The Hebrew letters used in the Hebrew Matthew from the Middle Ages are very different in appearance from the Aramaic block letters that came into use during the Babylonian exile. 

The image below is a reproduction of Hebrew Matthew Chapter 1:18-25 (British Library Manuscript Add. 26964). If you would like to view the image online, click the following link:

Shem Tov’s Hebrew Matthew, from Evan Bohan, Gate 12.

Hebrew Matthew
Chapter 1

18) “It came to pass when his mother was engaged to Joseph, before he knew her, she was found pregnant from the holy spirit. 19) Now Joseph was a righteous man and he did not want to live with her, nor did he want to expose her which would bring her to shame, nor did he want to make her forbidden until death. But he did not want to cover her over. 20) When he was thinking about this matter in his heart, behold, an angel appeared to him in a dream saying, “Joseph son of David, do not be afraid to marry your wife Miriam, because she is pregnant by the holy spirit. 21) She will give birth to a son and call his name Yeshua for he will save my people from their iniquities.” 22) All of this to fulfill what was written from the prophet by the mouth of [Y]H’’[VH], 23) “Behold the maiden is pregnant and will give birth to a son and she will call his name Emanuel”, which wants to say, “Elo[h]im is with us.” 24) And Joseph awoke from his sleep and did according to all that the angel of [Y]H’’[VH] commanded him. He married his wife, 24) but he did not know her until she gave birth to her firstborn son and he called his name Yeshua.”

The above passage from the Gospel of Matthew was translated into English by Nehemia Gordon.2

More Hebrew Evidence

The passages below are from the Gospels of Luke and John. These were discovered several years ago in the Vatican Library. They were in a folio with a number of other miscellaneous pages from Hebrew documents. In essence, they were found in a “junk box” where pages had been place that had possibly become separated from other manuscripts as they were photographed or studied. It is my personal belief that if there are three pages of Luke and one page of John in a junk box at the Vatican Library, there are more pages of these Gospels somewhere else in that library! 

The Vatican Library is a huge repository of ancient texts. Much of it is actually available to look at online, but unless you know where to look, it would be like looking for a needle in a haystack to find a particular book. The passages below may be all that survived of these gospels and we don’t know when the manuscripts they came from were written. 

Unlike the Hebrew Matthew passage above that was written in a very different Hebrew script, the passages from Luke and John were written in the Aramaic block style script that came into use after the Babylonian captivity and is the style we see in other ancient texts of the Hebrew Scriptures. I can not say for certain that this means that these manuscripts were transcribed earlier than the passage above, but it would seem so.

The Holy Gospel of Yeshua the Mashi’ach According to Luka
Chapter 1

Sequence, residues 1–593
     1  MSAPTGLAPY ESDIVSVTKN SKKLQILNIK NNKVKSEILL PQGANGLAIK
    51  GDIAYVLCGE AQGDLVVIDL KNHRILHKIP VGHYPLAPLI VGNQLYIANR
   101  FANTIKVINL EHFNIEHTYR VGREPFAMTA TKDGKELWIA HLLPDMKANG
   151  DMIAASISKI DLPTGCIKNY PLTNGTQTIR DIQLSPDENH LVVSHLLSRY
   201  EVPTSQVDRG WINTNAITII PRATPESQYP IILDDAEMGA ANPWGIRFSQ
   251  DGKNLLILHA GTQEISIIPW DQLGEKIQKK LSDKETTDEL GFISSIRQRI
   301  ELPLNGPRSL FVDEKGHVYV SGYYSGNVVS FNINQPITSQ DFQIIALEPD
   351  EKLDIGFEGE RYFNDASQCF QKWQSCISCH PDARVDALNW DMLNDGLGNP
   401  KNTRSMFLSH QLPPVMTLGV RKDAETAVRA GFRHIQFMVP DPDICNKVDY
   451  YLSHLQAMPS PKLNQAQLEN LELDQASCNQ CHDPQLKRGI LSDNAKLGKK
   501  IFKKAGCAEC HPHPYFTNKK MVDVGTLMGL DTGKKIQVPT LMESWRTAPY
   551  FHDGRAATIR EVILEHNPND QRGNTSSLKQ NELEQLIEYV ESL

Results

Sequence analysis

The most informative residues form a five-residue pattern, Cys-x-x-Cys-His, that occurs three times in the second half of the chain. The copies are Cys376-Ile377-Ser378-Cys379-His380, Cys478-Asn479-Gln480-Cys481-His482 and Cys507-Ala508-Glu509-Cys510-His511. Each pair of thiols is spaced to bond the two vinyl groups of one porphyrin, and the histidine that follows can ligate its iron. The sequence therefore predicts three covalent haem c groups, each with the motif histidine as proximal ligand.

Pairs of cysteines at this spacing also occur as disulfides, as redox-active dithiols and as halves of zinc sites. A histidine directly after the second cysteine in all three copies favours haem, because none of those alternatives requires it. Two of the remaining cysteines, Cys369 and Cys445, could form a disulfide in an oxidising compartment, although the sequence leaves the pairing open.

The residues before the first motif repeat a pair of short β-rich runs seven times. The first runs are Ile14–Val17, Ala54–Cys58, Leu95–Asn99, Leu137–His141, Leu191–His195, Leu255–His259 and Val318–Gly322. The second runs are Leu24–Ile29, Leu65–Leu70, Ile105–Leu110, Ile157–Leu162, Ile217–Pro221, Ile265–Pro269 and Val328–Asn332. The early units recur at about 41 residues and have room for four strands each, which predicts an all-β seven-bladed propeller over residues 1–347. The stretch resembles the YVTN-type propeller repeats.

1) In that many were placed to write the account of the matters that are trustworthy among us, 2) without doubt, as they told them to us themselves, those who saw them from the beginning, and were my servants [of] the Word, 3) It seemed also right to me, because from the beginning I sought all the things in order, to write to you with speed, dear Theophilo, 4) in order that you would know the truth of the matter that you have learned. 5) And it came to pass in the days of Herod, King of Judah, a certain Kohen, his name was Zechariah from the sons of Aviyah, and his wife from the children of Aaron and her name was Elisheva. 6) And both of them were righteous before Yehovah and walking in all the statues and judgements of Yehovah, without guile, 7) and they did not have children; Elisheva was barren and both of them were advanced in years. 8) And the Kohen Zechariah had the priesthood before Adona[i] Yehovah in the order of his family, 9) according to the custom of the service of the priesthood, the lot fell upon him to present the incense. And he came into the sanctuary of Yehovah 10) and the multitudes of people were standing outside to pray at the time of the incense 11) and the angel of Yehovah appeared to him, standing at right of the altar of incense 12) and Zechariah, when he saw him, was terrified and fear seized hold of him. 13) And the angel said to him “Do not fear, Zechariah, for your prayer is heard, and Elisheva your wife will give birth to a son and you shall call his name Yochanan 14) and there shall be to you joy and happiness and many will be happy at the time of his birth, 15) for he will be great before Yehovah and will not drink wine or strong drink and he will be filled from the Ru’ach HaKodesh from the womb of his mother 16) and he will return many of the sons of Israel to Yehovah their Elohim 17) and he will walk before him in the spirit and power of Eliyahu, to return the heart of the fathers to the sons and [he will return] the heretics to the righteousness of the righteous ones and to prepare to Yehovah the people, prepared.” 18) And Zechariah said to the angel, “How will I know this matter, for I am old and my wife is advanced in years?” 19) And the angel answered and said, I am Gabriel who stands before Yehovah and I was sent to speak to you and tell you these matters and behold, 20) you will be mute and will not be able to speak until the day that these things are done, because you did not believe my words, that they would be fulfilled in their time.” 21) And the people were waiting for Zechariah and wondering because of his delay in the sanctuary. 22) And when he came out outside, he was not able to speak with them. And they knew he saw a vision in the sanctuary. And he was gesturing to them, be remained a mute. 23) And it came to pass when the days of his service were fulfilled and he went to his house 24) and after these days, Elisheva his wife became pregnant. And she hid five months saying, 25) “Why did Yehovah do this to me in the days that I see, to raise up my proverb among the people?” 26) And in the sixth month, the angel Gabriel was sent from Yehovah in a city of the Galilee, and its name was Natzaret, 27) to a certain virgin who was betrothed to a man and his name was Yoseph from the House of David and the name of the virgin was Miryam. 28) And when the angel came to her he said, “Shalom to you, full of grace, Yehovah is with you, you are blessed among women.” 29) And she looked and was frightened because of his words. And she was thinking, “What sort of ‘Shalom’ was this?” 30) And the angel said to her, “Do not fear, Miryam. For you have found favor before Yehovah. 31) Behold you are pregnant and will give birth to a son and will call his name Yeshua. 32) This one will be great and will be called Son of the Most High and Yehovah Elohim will give him the Throne of David his father 33) and he will reign over the House of Ya’akov forever. And there will be no end to his kingdom.” 34) And Miryam said to the angel, “How will this be, for I have not known a man?” 35) And the angel answered and said to her, “The Ru’ach HaKadosh will enter you and an exalted might will be in your shadow. Because he that will be born will be holy, he shall be called ‘Son of Yehovah.’”